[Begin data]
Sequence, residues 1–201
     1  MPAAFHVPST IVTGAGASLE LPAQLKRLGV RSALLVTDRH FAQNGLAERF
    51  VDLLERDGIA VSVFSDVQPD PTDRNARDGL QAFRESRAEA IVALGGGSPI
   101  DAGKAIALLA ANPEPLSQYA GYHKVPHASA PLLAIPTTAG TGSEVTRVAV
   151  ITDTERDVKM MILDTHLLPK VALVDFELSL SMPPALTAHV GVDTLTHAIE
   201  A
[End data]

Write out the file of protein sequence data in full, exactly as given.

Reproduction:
Sequence, residues 1–201
     1  MPAAFHVPST IVTGAGASLE LPAQLKRLGV RSALLVTDRH FAQNGLAERF
    51  VDLLERDGIA VSVFSDVQPD PTDRNARDGL QAFRESRAEA IVALGGGSPI
   101  DAGKAIALLA ANPEPLSQYA GYHKVPHASA PLLAIPTTAG TGSEVTRVAV
   151  ITDTERDVKM MILDTHLLPK VALVDFELSL SMPPALTAHV GVDTLTHAIE
   201  A